19-22 September 2004: Bilateral boundary negotiations are held in Canberra, followed by discussions in Darwin the following week. East Timorese NGOs demand a fair boundary. Talks are adjourned with no agreement or announcement until after the Australia election.
8 October 2004: Australian voters return John Howard and Alexander Downer to power, with enlarged majorities.
27 October 2004: Boundary negotiations resume in Dili, with a call for fairness by East Timorese NGOs. The talks end with no agreement, restoring the status quo to before the 11 August "creative solution." The following week, East Timor's Prime Minister explained his position to Australians.
17 November 2004: Woodside announces it is suspending the Greater Sunrise project, due to the failure to agree on boundaries. The announcement comes a week after Woodside signs an agreement of cooperation with the U.S.-installed government in Iraq.
29 November 2004: East Timor Foreign Minister Jose Ramos-Horta, speaking in Australia, threatens to ask the UN General Assembly to take Australia to the International Court of Justice.
14 January 2005: As Woodside puts the Sunrise project on the shelf, Australia invites Timor-Leste to re-commence boundary talks. Timor-Leste accepts the offer in early February, and talks are scheduled for March in Canberra.
26 January 2005: On Australia day, businessman Ian Melrose runs a TV Commercial and newspaper advertisements challenging Australia's position on border negotiations with East Timor.
11 February 2005: Timor-Leste files a statement with the United Nations concerning Australia's submission to the Commission on the Limits of the Continental Shelf (CLCS).
14 February 2005: NT Chief Minister celebrates soaring employment at Wickham Point LNG Plant.
15 February 2005: Timor-Leste writes to Woodside asking for information about an oil spill at Laminaria.24 February 2005: Senior officials from the Australian Department of Foreign Affairs and trade hold a background briefing on Timor Sea issues for the media.
5 March 2005: Seventeen senior members of the U.S. Senate and Congress write John Howard to urge Australia to negotiate seriously.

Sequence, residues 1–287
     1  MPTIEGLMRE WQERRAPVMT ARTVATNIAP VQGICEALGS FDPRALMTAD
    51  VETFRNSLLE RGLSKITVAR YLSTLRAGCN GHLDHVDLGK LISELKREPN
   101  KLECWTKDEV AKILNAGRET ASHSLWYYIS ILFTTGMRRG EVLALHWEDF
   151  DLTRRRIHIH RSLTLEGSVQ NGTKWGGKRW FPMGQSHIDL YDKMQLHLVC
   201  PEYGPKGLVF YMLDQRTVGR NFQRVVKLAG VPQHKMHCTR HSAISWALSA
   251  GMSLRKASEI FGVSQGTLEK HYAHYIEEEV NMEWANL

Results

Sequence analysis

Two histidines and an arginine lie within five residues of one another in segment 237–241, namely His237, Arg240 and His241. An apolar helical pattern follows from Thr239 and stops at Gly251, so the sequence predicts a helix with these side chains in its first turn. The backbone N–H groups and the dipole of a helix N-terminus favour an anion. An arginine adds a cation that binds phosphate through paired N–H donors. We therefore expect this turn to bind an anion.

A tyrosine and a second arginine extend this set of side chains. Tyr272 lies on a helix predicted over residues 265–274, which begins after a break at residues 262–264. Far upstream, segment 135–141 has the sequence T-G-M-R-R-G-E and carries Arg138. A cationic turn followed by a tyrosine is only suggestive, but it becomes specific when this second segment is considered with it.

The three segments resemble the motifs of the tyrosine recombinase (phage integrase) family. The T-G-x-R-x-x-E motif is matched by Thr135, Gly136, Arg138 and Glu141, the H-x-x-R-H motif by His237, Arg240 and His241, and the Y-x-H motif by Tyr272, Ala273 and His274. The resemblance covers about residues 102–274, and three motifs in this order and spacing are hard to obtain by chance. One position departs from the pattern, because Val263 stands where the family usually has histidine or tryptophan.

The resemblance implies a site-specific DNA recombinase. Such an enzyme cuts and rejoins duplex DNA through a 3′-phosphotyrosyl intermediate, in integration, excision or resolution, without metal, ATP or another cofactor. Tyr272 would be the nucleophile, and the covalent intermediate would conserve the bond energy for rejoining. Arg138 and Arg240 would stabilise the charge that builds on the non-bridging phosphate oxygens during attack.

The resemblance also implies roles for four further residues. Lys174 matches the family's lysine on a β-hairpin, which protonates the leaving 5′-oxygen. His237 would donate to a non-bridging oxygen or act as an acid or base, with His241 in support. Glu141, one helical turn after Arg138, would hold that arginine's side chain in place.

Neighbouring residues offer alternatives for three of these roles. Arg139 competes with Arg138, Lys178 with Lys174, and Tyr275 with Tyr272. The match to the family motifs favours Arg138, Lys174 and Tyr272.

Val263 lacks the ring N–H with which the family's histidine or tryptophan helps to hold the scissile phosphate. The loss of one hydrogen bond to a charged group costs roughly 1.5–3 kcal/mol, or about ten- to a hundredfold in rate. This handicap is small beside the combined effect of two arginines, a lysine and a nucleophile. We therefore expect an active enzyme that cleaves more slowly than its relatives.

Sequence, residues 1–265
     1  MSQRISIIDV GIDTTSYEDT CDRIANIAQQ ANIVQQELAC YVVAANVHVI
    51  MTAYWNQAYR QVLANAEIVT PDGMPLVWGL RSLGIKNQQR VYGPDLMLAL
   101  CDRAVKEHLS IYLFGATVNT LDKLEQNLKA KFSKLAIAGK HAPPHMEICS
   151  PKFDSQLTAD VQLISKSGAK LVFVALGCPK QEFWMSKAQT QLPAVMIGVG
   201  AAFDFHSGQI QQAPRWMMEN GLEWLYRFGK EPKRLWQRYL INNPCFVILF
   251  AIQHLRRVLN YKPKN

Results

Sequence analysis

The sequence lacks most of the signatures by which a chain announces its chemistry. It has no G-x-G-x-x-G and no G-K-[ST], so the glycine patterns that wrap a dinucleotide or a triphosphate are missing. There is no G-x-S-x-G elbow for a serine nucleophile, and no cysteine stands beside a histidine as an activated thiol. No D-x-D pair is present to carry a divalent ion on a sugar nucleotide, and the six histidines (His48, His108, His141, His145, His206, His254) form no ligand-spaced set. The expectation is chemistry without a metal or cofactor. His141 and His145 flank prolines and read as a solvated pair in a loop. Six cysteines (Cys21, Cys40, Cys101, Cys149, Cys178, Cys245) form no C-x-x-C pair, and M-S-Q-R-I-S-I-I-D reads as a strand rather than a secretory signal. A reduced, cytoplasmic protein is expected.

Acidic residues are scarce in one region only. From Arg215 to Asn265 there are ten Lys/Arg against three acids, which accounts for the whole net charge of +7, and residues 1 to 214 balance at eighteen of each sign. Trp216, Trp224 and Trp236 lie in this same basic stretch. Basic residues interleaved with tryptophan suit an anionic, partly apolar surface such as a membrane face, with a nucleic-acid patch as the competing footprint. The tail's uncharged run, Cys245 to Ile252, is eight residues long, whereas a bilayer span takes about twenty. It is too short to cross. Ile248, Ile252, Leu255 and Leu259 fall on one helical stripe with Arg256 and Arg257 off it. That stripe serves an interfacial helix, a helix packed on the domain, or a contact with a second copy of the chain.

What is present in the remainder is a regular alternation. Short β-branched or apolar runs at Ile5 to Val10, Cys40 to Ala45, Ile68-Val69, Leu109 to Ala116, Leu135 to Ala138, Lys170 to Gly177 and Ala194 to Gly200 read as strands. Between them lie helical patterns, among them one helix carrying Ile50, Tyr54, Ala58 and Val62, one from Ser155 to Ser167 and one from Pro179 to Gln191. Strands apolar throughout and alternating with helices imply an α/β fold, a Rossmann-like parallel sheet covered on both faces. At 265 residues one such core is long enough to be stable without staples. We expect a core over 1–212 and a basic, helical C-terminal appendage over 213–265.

7-9 March 2005: Australian and RDTL negotiators meet in Canberra.
26-29 April 2005: Australian and RDTL negotiators meet in Dili, with demonstrations across Australia.
11-13 May 2005: Australian and RDTL negotiators meet in Sydney. Although Australia claims an agreement has been made, Timor-Leste officials are not so clear. ETAN says the deal cheats Timor-Leste.
June 2005: The Australian government assistance agency AusAID cancels a grant to a Timorese human rights NGO because they had spoken out against Australia's continuing occupation of the Timor Sea. (See Editorial, La'o Hamutuk Bulletin Vol. 6 No. 4.) In November, AusAID cancelled another grant to a Timorese environmental NGO.
18 July 2005: In Washington, protesters tell John Howard to stop stealing Timor-Leste's oil.
September 2005: Timor-Leste and Australia agree on the details of a Petroleum Mining Code for the JPDA, which must be formally approved before a licensing round for new JPDA areas scheduled for early 2006 can be conducted.
29 November 2005: Australian and RDTL technical delegations meet in Darwin reaching an agreement to resolve disputed oil and gas fields, but it is not made public.
12 January 2006: Jose Ramos-Horta and Alexander Downer sign the CMATS treaty in Sydney, dividing Sunrise upstream revenues 50-50 but deferring maritime boundaries for 50 years or more.
25 January 2006: Australia-New Zealand Boundary Treaty enters into force.
28 February 2006: Australia approves the JPDA Petroleum Mining Code, enabling the May 2006 TSDA bidding round to proceed.
12 October 2006: Australia and East Timor Sign Security Arrangement on Joint Petroleum Area
February 2007: CMATS treaty is ratified by the Timor-Leste Parliament and put into force without Australian Parliamentary ratification.
4 August 2007: Former Australian Foreign Minister Gareth Evans visits Timor-Leste and refuses to acknowledge he did anything wrong when he signed the Timor Gap Treaty in 1989.
More recent developments are continued here.
The Timor-Leste Institute for Development Monitoring and Analysis (La’o Hamutuk)